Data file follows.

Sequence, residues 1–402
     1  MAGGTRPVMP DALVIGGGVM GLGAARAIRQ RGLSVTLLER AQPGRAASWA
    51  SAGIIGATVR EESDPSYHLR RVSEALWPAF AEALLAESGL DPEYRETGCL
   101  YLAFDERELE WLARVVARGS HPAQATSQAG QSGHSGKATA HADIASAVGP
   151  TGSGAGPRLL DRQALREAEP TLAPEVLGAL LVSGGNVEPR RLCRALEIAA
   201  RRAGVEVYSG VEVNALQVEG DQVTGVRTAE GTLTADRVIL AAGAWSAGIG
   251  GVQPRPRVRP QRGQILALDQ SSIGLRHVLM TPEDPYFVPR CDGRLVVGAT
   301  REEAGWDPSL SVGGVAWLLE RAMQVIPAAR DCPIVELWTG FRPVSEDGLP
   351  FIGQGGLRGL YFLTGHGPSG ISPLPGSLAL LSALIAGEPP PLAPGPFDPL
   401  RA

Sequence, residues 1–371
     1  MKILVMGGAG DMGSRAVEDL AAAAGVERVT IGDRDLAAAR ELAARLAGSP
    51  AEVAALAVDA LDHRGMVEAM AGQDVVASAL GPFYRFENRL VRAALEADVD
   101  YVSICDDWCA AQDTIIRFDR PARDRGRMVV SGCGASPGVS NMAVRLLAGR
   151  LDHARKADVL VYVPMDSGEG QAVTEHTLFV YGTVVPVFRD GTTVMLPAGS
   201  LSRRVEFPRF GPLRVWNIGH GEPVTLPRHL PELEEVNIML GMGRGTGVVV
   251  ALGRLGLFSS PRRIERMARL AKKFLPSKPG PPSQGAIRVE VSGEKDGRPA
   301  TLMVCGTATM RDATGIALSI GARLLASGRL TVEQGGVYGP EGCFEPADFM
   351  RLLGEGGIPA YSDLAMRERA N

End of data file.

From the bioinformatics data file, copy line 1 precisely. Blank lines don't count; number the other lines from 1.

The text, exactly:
Sequence, residues 1–402